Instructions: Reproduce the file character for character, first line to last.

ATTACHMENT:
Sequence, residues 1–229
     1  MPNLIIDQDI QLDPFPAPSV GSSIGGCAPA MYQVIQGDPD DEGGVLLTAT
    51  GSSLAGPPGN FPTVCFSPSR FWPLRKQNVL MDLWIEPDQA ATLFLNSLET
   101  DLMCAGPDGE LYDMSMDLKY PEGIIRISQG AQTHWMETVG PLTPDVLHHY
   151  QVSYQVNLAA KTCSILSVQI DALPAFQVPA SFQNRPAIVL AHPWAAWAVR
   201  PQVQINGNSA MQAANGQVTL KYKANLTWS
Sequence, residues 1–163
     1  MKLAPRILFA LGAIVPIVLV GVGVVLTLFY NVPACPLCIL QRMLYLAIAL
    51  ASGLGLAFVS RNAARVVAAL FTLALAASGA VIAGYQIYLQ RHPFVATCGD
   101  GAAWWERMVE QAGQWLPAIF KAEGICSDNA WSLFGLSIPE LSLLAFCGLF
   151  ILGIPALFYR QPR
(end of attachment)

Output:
Sequence, residues 1–229
     1  MPNLIIDQDI QLDPFPAPSV GSSIGGCAPA MYQVIQGDPD DEGGVLLTAT
    51  GSSLAGPPGN FPTVCFSPSR FWPLRKQNVL MDLWIEPDQA ATLFLNSLET
   101  DLMCAGPDGE LYDMSMDLKY PEGIIRISQG AQTHWMETVG PLTPDVLHHY
   151  QVSYQVNLAA KTCSILSVQI DALPAFQVPA SFQNRPAIVL AHPWAAWAVR
   201  PQVQINGNSA MQAANGQVTL KYKANLTWS
Sequence, residues 1–163
     1  MKLAPRILFA LGAIVPIVLV GVGVVLTLFY NVPACPLCIL QRMLYLAIAL
    51  ASGLGLAFVS RNAARVVAAL FTLALAASGA VIAGYQIYLQ RHPFVATCGD
   101  GAAWWERMVE QAGQWLPAIF KAEGICSDNA WSLFGLSIPE LSLLAFCGLF
   151  ILGIPALFYR QPR